DIY ink stamped card with silhouetted letters

At the beginning of January, I showed you how to make a paint stamped card with silhouetted letters. I really liked the way the letters were blanked out in the design and I wanted to make another card using the same method for the letters but a different method for the background. I decided to use an ink stamp this time, and see how that came out. My Mum’s birthday was coming up – the perfect opportunity!

Now, I know some people have serious collections of stamps and ink pads, but I am not one of them. I do have just a few stamps with pretty patterns, so I selected one of them and used a purple ink pad. And this is what I came up with:

using stamps to make a unique card

If you want to make a card like this, then you will need:

  • Card blank (mine is DL size)
  • Post-it notes
  • Pen/pencil
  • Ruler
  • Scissors or a craft knife
  • Stamp
  • Ink pad
  • Coloured pen (optional) – mine is gold

I covered the method for making the letters (from post-it notes) and aligning them on the card in this post, so I won’t repeat that here, just head on over to the post and start from the beginning until you have something that looks like this:

using post-it notes for temporary masking letters

Now comes the fun part! Take your stamp and stamp away over the letters. How you stamp is totally up to you. As you can see, I chose to make my pattern of stamps roughly regular with similar spacing between all the stamps, but you could overlap them if you like the look. I was trying to make my stamp pattern very neat and even but it was very difficult! (maybe a more experienced stamper would be better at this than me)

Tip: When making each stamp impression you need to press down hard so that the ink goes right up to the letter edge. Otherwise, because the post-it letter is slightly raised from the surface of the card, there will be a gap between the edge of your letter and the start of the stamp impression, which will make your letters less clear.

DIY stamped silhouette card

I have to admit that I wasn’t very happy with my stamping. Some of the stamps didn’t come out that well (especially the ones in the middle) and this meant that the edges of some of the letters weren’t very obvious. It also looked a bit boring in monochrome! (you could avoid this by stamping in more than one colour)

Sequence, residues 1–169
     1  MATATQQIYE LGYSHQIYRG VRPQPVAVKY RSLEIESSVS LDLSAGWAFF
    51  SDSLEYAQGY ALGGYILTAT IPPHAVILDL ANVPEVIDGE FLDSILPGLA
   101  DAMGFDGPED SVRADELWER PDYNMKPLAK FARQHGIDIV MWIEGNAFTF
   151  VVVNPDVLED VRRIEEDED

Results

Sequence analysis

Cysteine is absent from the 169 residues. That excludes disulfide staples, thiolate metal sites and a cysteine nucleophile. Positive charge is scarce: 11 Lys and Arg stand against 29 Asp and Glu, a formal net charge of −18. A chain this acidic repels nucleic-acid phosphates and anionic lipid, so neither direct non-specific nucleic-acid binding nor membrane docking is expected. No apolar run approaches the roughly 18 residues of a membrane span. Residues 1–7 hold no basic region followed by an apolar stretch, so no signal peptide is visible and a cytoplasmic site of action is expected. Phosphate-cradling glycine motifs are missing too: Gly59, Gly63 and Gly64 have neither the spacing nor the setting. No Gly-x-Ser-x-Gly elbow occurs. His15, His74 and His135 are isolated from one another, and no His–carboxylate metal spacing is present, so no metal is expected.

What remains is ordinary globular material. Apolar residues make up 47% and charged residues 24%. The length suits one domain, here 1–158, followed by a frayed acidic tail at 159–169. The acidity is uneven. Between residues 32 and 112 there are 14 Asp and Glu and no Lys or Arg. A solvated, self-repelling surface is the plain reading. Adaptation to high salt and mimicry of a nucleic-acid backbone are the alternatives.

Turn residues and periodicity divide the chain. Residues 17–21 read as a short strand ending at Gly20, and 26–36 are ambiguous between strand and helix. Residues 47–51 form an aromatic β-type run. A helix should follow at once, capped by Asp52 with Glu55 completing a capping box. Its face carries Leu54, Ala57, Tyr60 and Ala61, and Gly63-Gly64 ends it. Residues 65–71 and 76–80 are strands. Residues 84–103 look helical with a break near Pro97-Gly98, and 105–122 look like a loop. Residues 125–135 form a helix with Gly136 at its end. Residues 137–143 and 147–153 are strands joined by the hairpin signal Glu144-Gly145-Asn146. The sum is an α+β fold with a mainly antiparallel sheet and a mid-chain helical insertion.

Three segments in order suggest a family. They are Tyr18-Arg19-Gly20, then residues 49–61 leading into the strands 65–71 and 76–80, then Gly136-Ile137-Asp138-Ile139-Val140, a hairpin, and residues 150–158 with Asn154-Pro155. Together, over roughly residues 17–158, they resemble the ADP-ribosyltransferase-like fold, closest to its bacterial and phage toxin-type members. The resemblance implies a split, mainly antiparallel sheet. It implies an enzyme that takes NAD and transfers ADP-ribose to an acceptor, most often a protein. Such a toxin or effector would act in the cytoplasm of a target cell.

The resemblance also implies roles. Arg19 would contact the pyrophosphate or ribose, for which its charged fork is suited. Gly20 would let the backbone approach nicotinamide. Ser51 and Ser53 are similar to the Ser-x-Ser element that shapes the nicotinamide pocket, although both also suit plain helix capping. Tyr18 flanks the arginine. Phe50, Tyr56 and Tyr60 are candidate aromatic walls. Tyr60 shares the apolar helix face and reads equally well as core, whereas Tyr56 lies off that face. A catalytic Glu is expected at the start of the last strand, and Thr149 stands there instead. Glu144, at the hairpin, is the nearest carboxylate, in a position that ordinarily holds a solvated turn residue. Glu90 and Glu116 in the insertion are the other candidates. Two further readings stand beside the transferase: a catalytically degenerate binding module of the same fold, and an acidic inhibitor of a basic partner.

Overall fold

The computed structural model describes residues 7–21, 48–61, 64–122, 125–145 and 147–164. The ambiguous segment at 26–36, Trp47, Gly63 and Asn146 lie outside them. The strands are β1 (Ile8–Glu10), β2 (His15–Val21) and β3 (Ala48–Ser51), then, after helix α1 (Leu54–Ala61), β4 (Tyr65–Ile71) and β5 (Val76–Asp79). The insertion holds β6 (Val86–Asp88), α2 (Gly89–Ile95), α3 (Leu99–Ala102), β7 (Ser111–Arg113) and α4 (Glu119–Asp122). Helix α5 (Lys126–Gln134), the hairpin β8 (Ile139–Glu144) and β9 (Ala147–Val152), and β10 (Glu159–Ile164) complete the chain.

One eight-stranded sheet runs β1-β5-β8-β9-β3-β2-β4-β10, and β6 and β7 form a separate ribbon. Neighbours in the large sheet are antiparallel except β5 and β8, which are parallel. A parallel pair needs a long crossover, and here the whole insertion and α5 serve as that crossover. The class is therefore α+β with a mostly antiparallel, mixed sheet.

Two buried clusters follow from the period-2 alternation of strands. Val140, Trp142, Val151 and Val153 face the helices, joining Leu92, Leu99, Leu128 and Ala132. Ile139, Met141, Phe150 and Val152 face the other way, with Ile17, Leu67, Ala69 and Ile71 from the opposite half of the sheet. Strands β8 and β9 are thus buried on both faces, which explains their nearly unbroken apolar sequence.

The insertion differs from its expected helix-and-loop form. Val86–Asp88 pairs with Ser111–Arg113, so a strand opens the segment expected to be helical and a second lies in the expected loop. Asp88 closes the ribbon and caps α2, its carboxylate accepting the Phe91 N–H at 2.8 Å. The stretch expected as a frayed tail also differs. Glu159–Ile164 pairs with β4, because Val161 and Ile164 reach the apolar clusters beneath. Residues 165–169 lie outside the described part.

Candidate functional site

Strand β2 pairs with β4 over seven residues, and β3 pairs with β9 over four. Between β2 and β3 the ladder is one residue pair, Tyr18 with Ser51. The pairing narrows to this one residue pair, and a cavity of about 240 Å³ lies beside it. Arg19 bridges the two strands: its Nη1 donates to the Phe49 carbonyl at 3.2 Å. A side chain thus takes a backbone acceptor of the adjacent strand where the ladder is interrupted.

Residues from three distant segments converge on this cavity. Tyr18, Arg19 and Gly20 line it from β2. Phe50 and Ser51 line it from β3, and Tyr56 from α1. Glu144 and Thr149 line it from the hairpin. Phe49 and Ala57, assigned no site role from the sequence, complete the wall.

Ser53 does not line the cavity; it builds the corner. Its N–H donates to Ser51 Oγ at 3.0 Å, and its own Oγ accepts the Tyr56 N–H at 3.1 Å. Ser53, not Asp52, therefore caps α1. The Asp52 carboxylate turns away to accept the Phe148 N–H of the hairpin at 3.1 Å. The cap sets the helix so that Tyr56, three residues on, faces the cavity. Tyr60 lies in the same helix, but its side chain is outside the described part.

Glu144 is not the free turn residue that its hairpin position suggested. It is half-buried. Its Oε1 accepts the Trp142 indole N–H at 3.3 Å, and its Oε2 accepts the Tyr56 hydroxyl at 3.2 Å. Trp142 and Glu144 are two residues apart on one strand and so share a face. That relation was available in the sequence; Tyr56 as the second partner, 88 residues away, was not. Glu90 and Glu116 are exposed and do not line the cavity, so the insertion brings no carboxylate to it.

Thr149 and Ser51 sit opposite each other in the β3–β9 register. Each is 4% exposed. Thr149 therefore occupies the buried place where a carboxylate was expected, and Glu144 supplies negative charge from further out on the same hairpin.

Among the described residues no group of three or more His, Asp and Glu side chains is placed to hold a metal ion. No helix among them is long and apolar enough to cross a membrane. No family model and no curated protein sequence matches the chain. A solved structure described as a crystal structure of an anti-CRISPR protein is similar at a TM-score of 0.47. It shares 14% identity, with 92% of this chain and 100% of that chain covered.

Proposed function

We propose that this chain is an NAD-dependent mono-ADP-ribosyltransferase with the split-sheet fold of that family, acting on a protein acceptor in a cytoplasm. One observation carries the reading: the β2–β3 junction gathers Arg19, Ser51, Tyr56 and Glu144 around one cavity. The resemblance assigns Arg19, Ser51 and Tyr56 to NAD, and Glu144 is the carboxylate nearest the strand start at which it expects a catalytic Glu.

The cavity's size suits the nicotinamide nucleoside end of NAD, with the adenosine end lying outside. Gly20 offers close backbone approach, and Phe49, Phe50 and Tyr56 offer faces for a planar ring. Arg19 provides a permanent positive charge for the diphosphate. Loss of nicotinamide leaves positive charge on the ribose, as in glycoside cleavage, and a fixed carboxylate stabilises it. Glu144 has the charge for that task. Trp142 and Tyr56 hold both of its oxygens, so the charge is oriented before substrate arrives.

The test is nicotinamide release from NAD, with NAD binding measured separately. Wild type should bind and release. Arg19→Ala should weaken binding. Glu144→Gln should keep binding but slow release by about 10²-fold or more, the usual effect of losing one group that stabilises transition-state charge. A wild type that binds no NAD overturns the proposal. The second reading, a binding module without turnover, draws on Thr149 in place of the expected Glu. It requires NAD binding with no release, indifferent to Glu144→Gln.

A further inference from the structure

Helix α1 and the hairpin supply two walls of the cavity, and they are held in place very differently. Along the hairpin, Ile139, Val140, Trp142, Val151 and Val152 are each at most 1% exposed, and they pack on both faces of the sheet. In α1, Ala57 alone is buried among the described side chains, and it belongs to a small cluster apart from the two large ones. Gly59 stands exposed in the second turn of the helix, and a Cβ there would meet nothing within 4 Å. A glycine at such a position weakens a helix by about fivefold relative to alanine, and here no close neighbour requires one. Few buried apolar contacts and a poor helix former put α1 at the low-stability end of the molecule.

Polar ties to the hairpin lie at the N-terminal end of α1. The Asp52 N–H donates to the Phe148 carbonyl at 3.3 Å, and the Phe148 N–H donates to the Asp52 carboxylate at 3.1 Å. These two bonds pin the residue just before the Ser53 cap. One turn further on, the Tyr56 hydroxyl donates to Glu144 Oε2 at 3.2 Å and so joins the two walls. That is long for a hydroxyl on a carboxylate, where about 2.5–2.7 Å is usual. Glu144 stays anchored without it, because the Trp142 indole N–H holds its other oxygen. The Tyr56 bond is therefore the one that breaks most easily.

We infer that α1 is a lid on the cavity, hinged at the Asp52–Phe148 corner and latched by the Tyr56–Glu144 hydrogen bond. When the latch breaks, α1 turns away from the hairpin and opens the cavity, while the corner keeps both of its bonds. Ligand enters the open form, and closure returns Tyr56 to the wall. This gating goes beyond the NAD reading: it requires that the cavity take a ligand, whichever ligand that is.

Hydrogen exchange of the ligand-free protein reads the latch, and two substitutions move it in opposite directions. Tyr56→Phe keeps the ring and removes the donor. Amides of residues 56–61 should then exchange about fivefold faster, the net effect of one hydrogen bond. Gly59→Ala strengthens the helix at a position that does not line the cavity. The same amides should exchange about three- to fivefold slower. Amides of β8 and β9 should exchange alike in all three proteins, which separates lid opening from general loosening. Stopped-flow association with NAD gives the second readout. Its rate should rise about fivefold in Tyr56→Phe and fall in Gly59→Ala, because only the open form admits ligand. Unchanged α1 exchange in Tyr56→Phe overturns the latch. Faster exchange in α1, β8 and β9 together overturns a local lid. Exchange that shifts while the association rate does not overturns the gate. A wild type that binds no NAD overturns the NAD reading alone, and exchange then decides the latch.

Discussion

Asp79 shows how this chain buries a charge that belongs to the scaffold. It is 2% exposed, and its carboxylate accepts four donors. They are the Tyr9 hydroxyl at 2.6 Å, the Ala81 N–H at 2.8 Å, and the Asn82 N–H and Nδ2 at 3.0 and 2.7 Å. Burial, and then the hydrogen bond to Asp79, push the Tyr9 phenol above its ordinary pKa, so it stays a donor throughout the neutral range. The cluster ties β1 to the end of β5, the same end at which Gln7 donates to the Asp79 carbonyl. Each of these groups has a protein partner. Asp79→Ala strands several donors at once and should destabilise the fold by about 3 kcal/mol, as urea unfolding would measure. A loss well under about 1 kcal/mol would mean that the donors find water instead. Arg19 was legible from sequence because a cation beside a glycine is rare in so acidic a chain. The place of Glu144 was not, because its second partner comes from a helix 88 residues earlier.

So I decided to draw in some more detail in my pattern with a gold pen. This really elevated the card and made it look more interesting and more special, in addition to making the letters more clear.

adding detail to a stamped card

Finally, peel the post-it letters off, and admire your card!

lacy stamping and blanked out letters

Now, I have to admit that I wasn’t 100% happy with this card. I think the stamp is very pretty but it is too delicate. The letters would have looked a lot better if I had used a stamp which had more inked area so the edges of the letters would have been much clearer.

But I’m sure you could do better! Do let me know if you have a go yourself, I’d love to see what you come up with!

Thanks for reading!

Rachel

 

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Ten minute handmade birthday number card tutorial

These cards are so quick and easy to make, and I think they’re really fun! The inspiration came out of a moment of desperation since I’d forgotten to buy a card for a child’s birthday party (and it’s so hard to find nice cards in Hong Kong!) and we needed to leave soon for the party itself! It took me about 10 minutes to make the card (but I did draw my number freehand), so hopefully it should take you about the same amount of time.

hand drawn DIY number card

You could totally adapt the design with the recipient’s initial, or even a name or words like ‘Happy Birthday’. It’s so easy to do – I think it’ll take me longer to write this tutorial than it will take you to make the card!